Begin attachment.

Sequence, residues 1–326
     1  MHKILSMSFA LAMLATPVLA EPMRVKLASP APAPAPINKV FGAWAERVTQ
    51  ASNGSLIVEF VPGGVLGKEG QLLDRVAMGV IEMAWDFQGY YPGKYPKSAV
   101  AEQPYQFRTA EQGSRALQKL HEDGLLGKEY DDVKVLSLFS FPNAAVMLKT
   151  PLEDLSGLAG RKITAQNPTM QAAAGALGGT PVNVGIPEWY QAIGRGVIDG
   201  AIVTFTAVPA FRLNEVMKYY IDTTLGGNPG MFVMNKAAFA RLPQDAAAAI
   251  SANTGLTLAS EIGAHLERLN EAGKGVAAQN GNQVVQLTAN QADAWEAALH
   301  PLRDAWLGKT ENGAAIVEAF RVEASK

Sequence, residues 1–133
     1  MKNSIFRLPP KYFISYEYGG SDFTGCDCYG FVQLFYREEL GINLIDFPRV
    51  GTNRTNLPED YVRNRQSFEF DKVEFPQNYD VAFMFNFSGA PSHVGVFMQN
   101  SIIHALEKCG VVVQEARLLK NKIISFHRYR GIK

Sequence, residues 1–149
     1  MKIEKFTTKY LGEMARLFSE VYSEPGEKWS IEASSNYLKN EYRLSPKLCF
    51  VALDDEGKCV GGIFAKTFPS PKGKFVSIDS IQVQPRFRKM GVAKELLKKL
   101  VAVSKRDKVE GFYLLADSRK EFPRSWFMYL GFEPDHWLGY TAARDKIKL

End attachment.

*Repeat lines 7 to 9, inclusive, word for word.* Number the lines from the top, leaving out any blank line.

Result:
   251  SANTGLTLAS EIGAHLERLN EAGKGVAAQN GNQVVQLTAN QADAWEAALH
   301  PLRDAWLGKT ENGAAIVEAF RVEASK

Sequence, residues 1–133